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UNDERSTANDING NEW REGULATIONS FOR FIXED-TERM CONTRACTS



As of December 6, 2023, significant changes have been implemented regarding the use of fixed-term contracts for employees. Employers engaging individuals under such contracts must adhere to new rules that come with additional requirements and limitations. This article aims to provide clarity on the key aspects of these changes, ensuring compliance and understanding for employers.


New Rules for Fixed-Term Contracts: 

Effective December 6, 2023, engaging employees on fixed-term contracts involves complying new rules. These contracts, which terminate at the end of a predetermined period, now require employers to provide a Fixed Term Contract Information Statement (FTCIS) to the engaged employees. It is essential to furnish this statement when the employee enters into, or as soon as possible after entering, the fixed-term contract. 


Fixed Term Contract Information Statement (FTCIS): 

The FTCIS, mandated from December 6, 2023, serves as a comprehensive guide for fixed-term employees, outlining crucial information about their employment, including the rules governing fixed-term contracts. 

 

On top of the FTCIS, employers must also provide new employees with the Fair Work Information Statement, a separate document with information about minimum workplace rights and entitlements. 


Limitations on Fixed-Term Contracts: 

The limitations, also referred to as rules, apply to fixed-term contracts made on or after December 6, 2023, unless exceptions exist. Key limitations include:


1. Time limitations: Fixed-term contracts cannot exceed 2 years, including extensions or renewals. 

2. Renewal limitations: Contracts cannot include options to extend or renew beyond 2 years. They also cannot be extended or renewed more than once. 

3. Consecutive contract limitations: New contracts cannot be offered if the first 3 points below apply, and one or more of the scenarios in the 4th point applies. 

- They had a previous contract with a fixed term. 

- Their new contract and previous contract are mainly for the same work. 

- There is significant continuity in the employment relationship between the previous and new contracts, and 

- Either: 

- The previous contract included an option to extend that was used 

- The total employment period for both the previous and new fixed term contract has exceeded 2 years 

- The new fixed term contract includes an option to renew or extend, or 

- There was an initial contract in place: 

- That was for a fixed term, 

- That was for the similar work, and 

- Where there was significant continuity in the employment relationship. 


Protection for Employees: 

Anti-avoidance protections have been established to prevent employers from deliberately circumventing these rules. Actions such as ending employment or changing work tasks may be deemed adverse actions if these protections are violated.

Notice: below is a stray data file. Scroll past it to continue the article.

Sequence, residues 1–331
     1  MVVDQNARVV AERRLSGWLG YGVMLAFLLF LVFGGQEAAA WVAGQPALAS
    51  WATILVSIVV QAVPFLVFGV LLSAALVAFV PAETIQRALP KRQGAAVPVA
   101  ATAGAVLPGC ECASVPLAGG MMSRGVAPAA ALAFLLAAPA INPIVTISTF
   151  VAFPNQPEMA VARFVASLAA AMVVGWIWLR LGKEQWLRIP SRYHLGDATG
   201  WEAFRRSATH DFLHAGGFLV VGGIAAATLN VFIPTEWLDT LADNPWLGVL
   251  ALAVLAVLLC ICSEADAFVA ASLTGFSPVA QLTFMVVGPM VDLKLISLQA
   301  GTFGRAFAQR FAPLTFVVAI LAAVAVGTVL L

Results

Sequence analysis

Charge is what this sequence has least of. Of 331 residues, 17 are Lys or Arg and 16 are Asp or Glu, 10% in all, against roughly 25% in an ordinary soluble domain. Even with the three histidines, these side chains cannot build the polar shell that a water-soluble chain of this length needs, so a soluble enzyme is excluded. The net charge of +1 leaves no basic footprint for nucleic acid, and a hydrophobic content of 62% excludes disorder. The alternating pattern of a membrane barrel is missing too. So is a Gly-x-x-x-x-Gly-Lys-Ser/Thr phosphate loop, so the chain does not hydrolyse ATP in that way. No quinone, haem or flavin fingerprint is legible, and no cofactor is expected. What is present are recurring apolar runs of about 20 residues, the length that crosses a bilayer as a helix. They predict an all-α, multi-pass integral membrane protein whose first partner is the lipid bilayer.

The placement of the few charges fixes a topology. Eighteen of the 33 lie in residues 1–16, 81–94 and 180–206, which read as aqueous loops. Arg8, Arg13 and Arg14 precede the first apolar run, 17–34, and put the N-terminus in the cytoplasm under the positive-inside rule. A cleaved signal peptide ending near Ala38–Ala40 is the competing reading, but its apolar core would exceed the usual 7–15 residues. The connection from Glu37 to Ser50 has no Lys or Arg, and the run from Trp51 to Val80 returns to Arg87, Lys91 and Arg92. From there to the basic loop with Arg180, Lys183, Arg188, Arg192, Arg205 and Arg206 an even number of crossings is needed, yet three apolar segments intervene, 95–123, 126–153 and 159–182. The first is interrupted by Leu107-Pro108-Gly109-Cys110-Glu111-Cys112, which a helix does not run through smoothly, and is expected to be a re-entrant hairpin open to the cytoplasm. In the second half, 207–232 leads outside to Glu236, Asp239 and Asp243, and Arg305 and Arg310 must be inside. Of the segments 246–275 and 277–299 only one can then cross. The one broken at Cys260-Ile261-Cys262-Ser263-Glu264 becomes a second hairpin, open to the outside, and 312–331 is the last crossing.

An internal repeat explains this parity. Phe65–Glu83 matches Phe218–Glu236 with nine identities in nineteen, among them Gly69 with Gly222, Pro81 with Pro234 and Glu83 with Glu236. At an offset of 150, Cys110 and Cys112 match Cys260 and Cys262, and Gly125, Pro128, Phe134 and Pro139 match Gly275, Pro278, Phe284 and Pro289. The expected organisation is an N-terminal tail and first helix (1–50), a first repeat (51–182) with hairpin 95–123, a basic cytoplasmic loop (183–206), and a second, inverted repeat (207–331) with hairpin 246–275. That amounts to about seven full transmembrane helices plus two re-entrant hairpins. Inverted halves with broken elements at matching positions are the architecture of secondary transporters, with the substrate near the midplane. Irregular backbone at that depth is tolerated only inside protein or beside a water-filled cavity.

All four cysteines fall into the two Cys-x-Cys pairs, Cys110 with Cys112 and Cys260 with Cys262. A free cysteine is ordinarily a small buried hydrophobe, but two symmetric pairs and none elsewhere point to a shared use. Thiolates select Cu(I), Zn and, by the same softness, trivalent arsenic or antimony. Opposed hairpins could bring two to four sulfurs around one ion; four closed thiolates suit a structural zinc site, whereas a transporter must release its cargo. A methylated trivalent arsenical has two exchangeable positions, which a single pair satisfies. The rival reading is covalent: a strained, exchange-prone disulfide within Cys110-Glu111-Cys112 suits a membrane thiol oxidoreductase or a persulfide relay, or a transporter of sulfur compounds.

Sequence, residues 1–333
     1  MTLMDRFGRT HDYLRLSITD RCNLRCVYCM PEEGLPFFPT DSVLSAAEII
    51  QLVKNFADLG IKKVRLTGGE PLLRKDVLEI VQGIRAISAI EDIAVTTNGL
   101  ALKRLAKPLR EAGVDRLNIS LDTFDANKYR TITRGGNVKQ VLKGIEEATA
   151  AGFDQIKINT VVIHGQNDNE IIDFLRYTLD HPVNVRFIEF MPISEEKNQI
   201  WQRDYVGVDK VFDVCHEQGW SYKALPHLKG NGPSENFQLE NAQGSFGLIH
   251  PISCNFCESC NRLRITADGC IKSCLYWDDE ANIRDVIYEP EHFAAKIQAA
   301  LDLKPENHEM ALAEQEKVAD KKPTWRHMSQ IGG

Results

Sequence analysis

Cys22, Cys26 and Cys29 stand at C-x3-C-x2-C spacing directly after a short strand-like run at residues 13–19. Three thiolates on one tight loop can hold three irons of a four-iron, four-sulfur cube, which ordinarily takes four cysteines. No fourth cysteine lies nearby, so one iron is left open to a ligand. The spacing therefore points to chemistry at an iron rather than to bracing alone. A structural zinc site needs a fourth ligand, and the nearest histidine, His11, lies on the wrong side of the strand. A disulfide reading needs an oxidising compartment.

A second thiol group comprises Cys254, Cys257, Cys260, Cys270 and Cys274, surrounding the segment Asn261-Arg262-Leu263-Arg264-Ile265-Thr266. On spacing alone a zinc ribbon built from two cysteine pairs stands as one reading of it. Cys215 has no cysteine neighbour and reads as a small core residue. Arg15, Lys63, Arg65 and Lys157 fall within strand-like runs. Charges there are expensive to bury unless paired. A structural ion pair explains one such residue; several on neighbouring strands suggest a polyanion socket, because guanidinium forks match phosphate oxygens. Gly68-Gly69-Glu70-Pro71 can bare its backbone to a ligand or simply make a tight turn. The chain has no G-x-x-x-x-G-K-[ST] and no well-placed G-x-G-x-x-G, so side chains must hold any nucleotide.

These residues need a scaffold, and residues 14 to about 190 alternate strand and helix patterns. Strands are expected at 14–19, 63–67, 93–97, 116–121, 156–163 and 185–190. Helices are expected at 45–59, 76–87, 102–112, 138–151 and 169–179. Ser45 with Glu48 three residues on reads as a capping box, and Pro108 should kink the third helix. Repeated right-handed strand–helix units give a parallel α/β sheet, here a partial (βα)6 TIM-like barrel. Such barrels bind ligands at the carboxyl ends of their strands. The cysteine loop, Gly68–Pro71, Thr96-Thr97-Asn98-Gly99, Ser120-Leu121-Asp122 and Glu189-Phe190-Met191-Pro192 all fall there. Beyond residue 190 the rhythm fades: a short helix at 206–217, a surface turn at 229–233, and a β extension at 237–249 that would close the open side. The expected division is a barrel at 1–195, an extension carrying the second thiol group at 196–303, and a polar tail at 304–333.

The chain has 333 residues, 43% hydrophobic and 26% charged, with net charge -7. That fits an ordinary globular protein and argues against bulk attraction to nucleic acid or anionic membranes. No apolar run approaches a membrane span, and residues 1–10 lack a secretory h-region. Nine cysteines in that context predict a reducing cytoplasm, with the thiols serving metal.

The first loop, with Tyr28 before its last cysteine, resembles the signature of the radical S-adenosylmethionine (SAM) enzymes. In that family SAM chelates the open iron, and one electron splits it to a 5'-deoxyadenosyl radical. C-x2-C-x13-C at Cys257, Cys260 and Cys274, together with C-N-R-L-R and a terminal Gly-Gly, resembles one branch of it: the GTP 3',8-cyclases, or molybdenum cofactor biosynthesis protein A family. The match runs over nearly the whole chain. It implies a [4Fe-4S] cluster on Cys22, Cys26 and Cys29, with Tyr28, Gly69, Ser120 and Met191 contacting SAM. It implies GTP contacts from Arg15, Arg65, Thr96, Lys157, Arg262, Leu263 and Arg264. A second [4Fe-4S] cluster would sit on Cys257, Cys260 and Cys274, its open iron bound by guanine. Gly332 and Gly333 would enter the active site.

Fixed Term Contracts Before December 6, 2023: 

The limitations do not apply to fixed-term contracts entered into before this date. However, these contracts must be considered when applying consecutive contract limitations for new contracts entered into after December 6, 2023. 

 

Exceptions to Limitations: 

Several exceptions exist, exempting certain fixed-term contracts from the limitations. These exceptions include positions requiring specialized skills, training arrangements, essential work during peak demand, emergency or temporary circumstances, high-income employees, positions subject to government funding, governance positions, and those covered by award provisions. 

 

Calculating High Income Threshold: 

As of July 1, 2023, the annual high income threshold is $167,500. For part-time employees or those working less than a year, the threshold is calculated by determining the required annual hours, dividing by the full-time equivalent, and multiplying by the annual high income threshold. To establish the full-time equivalent, consider the hours specified in the agreement or award applicable to the employee. If unavailable, use the hours of comparable full-time employees within the same employer. In cases where neither method applies, assume a standard 38 hours per week for a full-time employee in a given year. 

 

Additional Exceptions:

Specific rules apply to fixed-term contracts in organized sport, high-performance sport, live performance, higher education, and positions funded by philanthropic entities or testamentary gifts or contributions. 

 

Disputes and Resolutions: 

Disputes between employers and employees regarding limitations or exceptions should be resolved through discussion. If unresolved, the Fair Work Commission can assist in mediation. 

 

Fixed Term Employment – Other Entitlements: 

Fixed-term employees are entitled to the same wages, penalty rates, and leave as permanent employees. Awards or agreements may provide additional terms. 

 

Termination of Employment:

Fixed-term employees usually do not receive notice or redundancy of pay when employment terminates at the end of the contract period. Unfair dismissal eligibility is generally not applicable in such cases. 

 

Independent Contractors: 

It’s crucial to distinguish fixed-term employees from independent contractors, with additional information available for reference. 

 

This article serves as a comprehensive guide for employers navigating the new regulations governing fixed-term contracts. Understanding these rules, exceptions, and dispute resolution mechanisms is essential for compliance with the Fair Work Act. For specific advice tailored to individual circumstances, employers are encouraged to consult with unions, employer associations, or legal professionals. 

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